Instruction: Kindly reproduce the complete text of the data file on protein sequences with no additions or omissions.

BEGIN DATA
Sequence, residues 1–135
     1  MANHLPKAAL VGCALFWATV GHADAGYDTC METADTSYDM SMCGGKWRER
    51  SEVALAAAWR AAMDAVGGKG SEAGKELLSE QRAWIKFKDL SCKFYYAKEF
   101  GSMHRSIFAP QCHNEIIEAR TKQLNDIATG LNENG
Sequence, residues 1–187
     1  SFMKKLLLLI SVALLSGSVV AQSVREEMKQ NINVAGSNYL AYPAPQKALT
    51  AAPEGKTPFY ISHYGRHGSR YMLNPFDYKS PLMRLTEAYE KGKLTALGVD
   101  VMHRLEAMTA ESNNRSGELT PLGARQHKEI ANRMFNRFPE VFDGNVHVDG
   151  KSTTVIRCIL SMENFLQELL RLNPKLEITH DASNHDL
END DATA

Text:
Sequence, residues 1–135
     1  MANHLPKAAL VGCALFWATV GHADAGYDTC METADTSYDM SMCGGKWRER
    51  SEVALAAAWR AAMDAVGGKG SEAGKELLSE QRAWIKFKDL SCKFYYAKEF
   101  GSMHRSIFAP QCHNEIIEAR TKQLNDIATG LNENG
Sequence, residues 1–187
     1  SFMKKLLLLI SVALLSGSVV AQSVREEMKQ NINVAGSNYL AYPAPQKALT
    51  AAPEGKTPFY ISHYGRHGSR YMLNPFDYKS PLMRLTEAYE KGKLTALGVD
   101  VMHRLEAMTA ESNNRSGELT PLGARQHKEI ANRMFNRFPE VFDGNVHVDG
   151  KSTTVIRCIL SMENFLQELL RLNPKLEITH DASNHDL